I have been in a conventional marriage for 20 years (most of them very happy) but recently came to the realization that I am gay. I would be grateful for your perspective on a dilemma I have yet to resolve: What are my ethical obligations to my wife in this matter? If honesty is the bedrock of a marriage, how can I not discuss a realization as basic and profound as this? Or, given how devastating this news might be to my wife, should I continue with a relationship that is something of a charade? I have not been involved in any extramarital relationships up to this point.
If until now you have been bisexual and have lived for two decades in a relationship that has been "very happy," it seems to me that your first obligation is to try and see if you can still make this relationship work. The implication of your letter is that your spouse would be shocked and devastated to learn that you were leaving her because you now regard yourself as homosexual. This suggests that you have been a sufficiently ardent lover so that she has no clue concerning your other sexual orientation. If that is the case, then perhaps your relationship need not end.
On the other hand, if you intend from now on to choose an exclusively homosexual identification and lifestyle (and I use the word "choose" deliberately, knowing that whereas many homosexuals do not have a choice, your years of heterosexual activity suggest that you do), then it would seem that you have the obligation to share this information with your spouse. For one thing, if you intend to start engaging in sex with men, your spouse needs to know that. Presumably, she will not consent to live in an "open marriage." Therefore, the moment it becomes clear to you that your life as an exclusively heterosexual male is over, it seems to me that you have no moral choice but to tell your partner. If you no longer have any heterosexual feelings, your wife will pick up on this anyway.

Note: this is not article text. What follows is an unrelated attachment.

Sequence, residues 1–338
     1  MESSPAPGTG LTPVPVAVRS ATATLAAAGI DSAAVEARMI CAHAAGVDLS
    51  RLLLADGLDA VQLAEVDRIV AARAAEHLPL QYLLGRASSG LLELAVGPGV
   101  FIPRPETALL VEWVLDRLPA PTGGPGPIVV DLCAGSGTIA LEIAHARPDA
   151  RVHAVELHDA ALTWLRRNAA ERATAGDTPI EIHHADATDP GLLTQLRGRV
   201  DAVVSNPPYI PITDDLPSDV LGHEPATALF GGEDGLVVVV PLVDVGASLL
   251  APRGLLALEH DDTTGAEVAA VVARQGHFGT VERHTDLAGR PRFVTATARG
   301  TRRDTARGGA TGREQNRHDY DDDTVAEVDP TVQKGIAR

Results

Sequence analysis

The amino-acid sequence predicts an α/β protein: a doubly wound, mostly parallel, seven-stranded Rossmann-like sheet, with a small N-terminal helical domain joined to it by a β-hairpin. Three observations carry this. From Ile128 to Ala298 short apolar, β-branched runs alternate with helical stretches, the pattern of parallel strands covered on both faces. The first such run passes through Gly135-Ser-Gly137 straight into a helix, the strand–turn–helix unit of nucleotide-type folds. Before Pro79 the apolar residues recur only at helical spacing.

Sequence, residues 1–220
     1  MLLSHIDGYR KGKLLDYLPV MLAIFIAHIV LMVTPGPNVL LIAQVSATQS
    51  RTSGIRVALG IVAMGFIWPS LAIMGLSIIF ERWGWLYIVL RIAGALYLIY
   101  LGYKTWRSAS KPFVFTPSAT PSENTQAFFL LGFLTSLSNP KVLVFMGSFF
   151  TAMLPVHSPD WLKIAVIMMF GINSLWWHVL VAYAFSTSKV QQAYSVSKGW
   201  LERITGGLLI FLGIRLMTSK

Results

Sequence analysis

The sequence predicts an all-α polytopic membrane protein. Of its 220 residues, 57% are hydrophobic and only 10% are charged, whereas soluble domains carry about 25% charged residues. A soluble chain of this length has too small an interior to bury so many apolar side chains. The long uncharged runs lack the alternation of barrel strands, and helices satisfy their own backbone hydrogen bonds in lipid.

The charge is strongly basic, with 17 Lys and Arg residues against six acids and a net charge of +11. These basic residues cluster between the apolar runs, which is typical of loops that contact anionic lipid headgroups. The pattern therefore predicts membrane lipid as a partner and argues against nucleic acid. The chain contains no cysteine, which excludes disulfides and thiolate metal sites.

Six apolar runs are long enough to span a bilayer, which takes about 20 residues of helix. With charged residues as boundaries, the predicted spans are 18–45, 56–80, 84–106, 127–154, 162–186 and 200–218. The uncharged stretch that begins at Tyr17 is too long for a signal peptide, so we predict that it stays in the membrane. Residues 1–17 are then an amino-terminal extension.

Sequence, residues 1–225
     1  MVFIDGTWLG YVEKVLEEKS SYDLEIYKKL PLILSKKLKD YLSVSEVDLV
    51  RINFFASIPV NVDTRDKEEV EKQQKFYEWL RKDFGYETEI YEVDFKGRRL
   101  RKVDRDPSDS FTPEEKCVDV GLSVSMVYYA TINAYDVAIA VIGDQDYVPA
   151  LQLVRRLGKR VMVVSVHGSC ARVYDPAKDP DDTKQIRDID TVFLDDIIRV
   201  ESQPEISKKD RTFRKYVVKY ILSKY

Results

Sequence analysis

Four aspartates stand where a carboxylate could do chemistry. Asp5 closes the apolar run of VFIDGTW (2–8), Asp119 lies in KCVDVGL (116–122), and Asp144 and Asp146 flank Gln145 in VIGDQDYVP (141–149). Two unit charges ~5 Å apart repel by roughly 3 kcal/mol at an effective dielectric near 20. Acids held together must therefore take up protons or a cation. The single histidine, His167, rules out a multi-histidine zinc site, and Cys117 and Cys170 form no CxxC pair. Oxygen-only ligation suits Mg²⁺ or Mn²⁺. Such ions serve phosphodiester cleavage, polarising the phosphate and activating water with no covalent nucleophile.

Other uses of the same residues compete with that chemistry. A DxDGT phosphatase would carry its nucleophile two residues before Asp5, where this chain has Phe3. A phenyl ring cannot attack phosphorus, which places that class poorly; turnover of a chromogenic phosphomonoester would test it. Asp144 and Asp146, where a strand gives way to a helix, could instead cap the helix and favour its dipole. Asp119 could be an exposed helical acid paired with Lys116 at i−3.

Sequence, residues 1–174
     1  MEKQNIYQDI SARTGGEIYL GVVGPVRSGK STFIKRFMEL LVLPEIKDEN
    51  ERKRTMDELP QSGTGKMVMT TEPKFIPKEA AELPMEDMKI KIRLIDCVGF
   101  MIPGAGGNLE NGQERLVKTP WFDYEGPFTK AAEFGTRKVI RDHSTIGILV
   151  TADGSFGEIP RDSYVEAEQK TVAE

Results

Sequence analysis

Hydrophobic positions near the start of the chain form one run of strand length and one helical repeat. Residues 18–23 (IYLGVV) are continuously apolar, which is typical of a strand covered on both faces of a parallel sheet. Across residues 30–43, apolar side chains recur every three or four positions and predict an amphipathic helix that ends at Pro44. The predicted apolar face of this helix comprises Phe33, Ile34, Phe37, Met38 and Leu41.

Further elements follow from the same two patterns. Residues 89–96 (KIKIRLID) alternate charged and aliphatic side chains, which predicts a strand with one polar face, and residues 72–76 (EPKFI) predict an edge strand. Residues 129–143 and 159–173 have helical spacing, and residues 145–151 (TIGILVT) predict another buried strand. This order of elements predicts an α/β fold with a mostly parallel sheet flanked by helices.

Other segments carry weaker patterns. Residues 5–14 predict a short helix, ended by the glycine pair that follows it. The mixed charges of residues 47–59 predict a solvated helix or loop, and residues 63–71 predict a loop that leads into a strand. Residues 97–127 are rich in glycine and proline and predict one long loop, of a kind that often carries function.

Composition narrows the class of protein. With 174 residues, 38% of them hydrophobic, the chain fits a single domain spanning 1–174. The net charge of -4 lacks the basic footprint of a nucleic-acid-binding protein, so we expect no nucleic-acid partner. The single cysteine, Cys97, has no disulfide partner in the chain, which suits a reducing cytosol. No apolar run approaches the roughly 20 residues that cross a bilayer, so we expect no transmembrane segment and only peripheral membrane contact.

What makes your letter particularly difficult to answer is your remark that most of the years of your marriage were very happy. Discrimination against gays puts pressure on many gay people to try to live publicly heterosexual lives. Such a falsification of their sexual identity can lead to misery both for themselves and their spouses. Women I know who have been in such marriages (as well as men whose wives have come out as lesbians) have found the experience painful--even before their partner revealed the truth. The fact that their partner regarded heterosexual relations as a burden made them feel unattractive and unsatisfied.
Your case, however, is different. You don't explain how it has come about that what was acceptable to you for so many years has now become unacceptable. Therefore, before you give up on something that has brought you much joy to experiment with something that might not work out at all, you should think hard and long. If you do decide to stay with your wife, I don't believe it wise to share with her your internal struggles over your sexual identity, any more than you would share with her the news that you had almost decided to leave her for another woman.
Joseph Telushkin, a rabbi and Beliefnet columnist, is the author of 10 books, including "The Book of Jewish Values," just out from Bell Tower/Crown.